4. If the bones aren't cooked, there's no need to worry about choking. (NEVER feed cooked bones.) I used a blender when I first started, but eventually it wasn't necessary and I got VERY tired of cleaning and sterilizing the equipment, so I stopped after only a couple of weeks.
...

Also, I wouldn't worry so much about chopping bones. Since you're feeding raw only two or three times a week, bone-in meals aren't necessary, and even if they were - let the kitties do the work, it's good for them!
A.C.
In other words, you're feeding largish, jagged bone fragments to animals that don't chew? It's not just choking that one has to worry about, but perforations of the esophagus and intestines. That can and does happen. I suggest that you talk to several vets who've treated such injuries and or had to euthanize due to them before continuing to "cut corners".
post #6 of 9
Thread Starter 
Quote:
Originally Posted by jcat View Post
In other words, you're feeding largish, jagged bone fragments to animals that don't chew? It's not just choking that one has to worry about, but perforations of the esophagus and intestines. That can and does happen. I suggest that you talk to several vets who've treated such injuries and or had to euthanize due to them before continuing to "cut corners".
Thanks for the info.

that's again one of my worries... I always thought bones can get stuck (choke, stuck, etc) and that's why we were always told not to feed bones to our pets. I didn't realise that it was just cooked bones.
post #7 of 9
Quote:
Originally Posted by Snake_Lady View Post
Thanks for the info.

that's again one of my worries... I always thought bones can get stuck (choke, stuck, etc) and that's why we were always told not to feed bones to our pets. I didn't realise that it was just cooked bones.
I believe you misunderstood my post. Jagged uncooked bones can also cause serious injury. A cat adopted from our shelter died of a perforated esophagus after being fed BARF by the adopter. I talked to several vets following that incident, and was told that such injuries are common, also among wild animals. Many raw feeders therefore only feed commercially prepared raw, or are careful to thoroughly grind or remove all bones (and supplement accordingly).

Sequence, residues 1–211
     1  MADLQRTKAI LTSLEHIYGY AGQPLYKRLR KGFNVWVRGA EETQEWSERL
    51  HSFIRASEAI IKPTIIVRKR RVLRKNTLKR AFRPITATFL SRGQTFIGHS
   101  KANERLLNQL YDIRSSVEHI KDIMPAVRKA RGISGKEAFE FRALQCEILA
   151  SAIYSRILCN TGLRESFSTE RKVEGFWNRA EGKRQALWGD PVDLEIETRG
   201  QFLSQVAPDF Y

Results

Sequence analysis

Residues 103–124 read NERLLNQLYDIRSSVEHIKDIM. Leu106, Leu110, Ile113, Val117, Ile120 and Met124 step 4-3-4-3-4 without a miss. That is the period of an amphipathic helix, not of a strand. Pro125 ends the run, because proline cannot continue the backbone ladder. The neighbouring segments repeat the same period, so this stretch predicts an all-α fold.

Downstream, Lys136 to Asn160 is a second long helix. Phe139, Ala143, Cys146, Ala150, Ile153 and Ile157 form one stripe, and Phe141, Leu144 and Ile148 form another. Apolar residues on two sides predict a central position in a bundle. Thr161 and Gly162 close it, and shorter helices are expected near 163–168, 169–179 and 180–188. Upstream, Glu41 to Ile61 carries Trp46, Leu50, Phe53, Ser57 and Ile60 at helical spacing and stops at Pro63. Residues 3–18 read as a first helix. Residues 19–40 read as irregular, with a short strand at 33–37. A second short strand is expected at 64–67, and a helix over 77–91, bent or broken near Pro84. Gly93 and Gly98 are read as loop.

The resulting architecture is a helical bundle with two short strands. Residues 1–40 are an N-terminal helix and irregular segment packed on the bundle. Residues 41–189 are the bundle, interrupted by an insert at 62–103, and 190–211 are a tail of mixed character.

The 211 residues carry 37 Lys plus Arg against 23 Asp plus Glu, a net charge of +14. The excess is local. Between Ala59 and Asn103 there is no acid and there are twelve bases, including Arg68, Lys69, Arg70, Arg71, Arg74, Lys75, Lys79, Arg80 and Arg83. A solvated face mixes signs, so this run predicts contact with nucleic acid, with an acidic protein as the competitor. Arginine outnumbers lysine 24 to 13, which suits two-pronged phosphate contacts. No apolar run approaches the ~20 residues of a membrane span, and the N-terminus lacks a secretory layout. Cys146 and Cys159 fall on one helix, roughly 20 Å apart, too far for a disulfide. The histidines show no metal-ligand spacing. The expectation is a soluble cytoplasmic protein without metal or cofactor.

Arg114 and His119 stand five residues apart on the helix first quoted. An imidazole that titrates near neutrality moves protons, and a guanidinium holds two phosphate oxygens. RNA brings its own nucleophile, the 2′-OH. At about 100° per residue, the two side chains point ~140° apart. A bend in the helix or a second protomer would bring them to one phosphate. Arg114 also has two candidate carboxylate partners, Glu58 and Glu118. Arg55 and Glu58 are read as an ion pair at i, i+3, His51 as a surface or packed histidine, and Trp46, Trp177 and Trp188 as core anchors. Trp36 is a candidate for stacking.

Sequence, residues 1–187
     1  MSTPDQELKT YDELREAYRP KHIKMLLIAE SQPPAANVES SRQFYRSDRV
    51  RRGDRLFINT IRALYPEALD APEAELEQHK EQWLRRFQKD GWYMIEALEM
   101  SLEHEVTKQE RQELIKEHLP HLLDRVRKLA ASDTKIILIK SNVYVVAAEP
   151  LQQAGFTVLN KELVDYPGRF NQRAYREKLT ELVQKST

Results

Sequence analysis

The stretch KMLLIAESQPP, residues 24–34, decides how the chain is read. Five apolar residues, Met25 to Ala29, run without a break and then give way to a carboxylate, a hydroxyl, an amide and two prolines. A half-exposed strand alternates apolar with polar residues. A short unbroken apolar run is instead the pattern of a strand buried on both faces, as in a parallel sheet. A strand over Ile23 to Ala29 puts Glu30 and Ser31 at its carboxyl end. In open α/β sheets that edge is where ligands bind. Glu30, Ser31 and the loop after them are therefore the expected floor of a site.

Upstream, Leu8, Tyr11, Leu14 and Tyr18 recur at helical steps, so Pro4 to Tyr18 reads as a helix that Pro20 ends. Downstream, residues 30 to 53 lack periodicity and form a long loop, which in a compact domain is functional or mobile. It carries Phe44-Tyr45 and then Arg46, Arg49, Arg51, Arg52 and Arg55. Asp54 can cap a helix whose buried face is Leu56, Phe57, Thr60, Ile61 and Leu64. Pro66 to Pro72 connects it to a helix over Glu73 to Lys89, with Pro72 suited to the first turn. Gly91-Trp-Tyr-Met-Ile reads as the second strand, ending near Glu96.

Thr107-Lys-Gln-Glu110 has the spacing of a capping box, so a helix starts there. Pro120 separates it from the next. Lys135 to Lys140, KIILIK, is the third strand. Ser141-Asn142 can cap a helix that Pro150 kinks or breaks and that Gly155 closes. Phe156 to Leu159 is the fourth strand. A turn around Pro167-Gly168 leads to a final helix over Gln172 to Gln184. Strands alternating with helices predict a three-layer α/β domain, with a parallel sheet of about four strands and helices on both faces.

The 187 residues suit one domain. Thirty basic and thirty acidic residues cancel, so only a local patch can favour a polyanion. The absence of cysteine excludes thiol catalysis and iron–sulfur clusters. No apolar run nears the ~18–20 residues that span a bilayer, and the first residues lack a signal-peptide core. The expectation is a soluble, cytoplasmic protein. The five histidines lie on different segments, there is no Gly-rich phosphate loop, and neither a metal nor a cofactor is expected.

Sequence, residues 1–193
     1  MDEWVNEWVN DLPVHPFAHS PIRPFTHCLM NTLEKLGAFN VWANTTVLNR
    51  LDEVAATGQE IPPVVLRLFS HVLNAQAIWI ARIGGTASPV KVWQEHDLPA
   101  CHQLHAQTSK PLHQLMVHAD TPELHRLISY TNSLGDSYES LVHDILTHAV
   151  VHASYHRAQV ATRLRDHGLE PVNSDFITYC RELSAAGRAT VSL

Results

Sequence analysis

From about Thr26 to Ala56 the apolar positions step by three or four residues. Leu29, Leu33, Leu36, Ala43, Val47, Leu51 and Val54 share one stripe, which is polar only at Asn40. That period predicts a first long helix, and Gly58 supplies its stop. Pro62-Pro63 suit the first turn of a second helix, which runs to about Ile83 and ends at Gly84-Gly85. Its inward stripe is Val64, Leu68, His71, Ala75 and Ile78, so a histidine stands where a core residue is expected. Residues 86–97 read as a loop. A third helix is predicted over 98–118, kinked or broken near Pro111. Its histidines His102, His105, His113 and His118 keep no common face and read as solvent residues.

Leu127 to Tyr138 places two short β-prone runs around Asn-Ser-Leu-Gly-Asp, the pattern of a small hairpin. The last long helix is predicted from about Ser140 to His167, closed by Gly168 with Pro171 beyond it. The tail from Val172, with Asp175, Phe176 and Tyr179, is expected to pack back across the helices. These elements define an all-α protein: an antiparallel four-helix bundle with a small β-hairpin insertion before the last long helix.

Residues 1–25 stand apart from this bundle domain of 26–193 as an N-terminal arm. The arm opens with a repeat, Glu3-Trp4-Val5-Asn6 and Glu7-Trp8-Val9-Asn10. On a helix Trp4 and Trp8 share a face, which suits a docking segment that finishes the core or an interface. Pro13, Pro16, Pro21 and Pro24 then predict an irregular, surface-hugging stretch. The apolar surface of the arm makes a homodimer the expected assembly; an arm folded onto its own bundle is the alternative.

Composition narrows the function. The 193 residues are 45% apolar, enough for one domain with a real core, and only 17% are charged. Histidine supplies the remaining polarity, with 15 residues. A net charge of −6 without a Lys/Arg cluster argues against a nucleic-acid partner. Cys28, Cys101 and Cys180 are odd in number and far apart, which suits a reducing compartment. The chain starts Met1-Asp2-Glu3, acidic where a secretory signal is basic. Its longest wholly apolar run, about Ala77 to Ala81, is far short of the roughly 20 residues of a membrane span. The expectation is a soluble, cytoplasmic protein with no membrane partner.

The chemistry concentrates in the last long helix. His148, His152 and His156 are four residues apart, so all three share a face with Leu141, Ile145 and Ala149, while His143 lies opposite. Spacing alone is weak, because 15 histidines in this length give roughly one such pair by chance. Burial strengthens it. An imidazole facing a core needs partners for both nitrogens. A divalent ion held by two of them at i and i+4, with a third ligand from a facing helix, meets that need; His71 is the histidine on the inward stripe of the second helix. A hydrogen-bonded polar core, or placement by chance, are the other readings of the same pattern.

post #8 of 9
Thread Starter 
Quote:
Originally Posted by jcat View Post
I believe you misunderstood my post. Jagged uncooked bones can also cause serious injury. A cat adopted from our shelter died of a perforated esophagus after being fed BARF by the adopter. I talked to several vets following that incident, and was told that such injuries are common, also among wild animals. Many raw feeders therefore only feed commercially prepared raw, or are careful to thoroughly grind or remove all bones (and supplement accordingly).
sorry, I meant to type "wasn't"

Thanks again for the info.
post #9 of 9
This info reference uncooked bones being dangerous is incorrect. They are safe to feed as long as you DON'T cook them. They aren't "brittle and jagged" - get a chicken wing and bend it and see what happens.

Cooked bones, on the other hand, DO become brittle and can cause injuries all the way through the digestive track. Never feed any amount of cooked bone.

And if you feed 100% raw, you MUST include bone in your cat's diet. Ten percent of total food fed is the suggested amount. Bones are good for dental health, but they are NECESSARY for digestive and nutritional reasons.

Some folks grind their bones, for a variety of reasons - that's perfectly acceptable. The method of delivery is not as important as a balanced diet. I alternate feeding fresh chicken ribs and ground chicken wings throughout the week.

The rawcats yahoo group is a huge pool of long-term raw food feeders and a great resource for in-depth info on naturally feeding cats. I highly recommend it if you're new to raw food feeding and/or you're nervous or concerned about any part of it.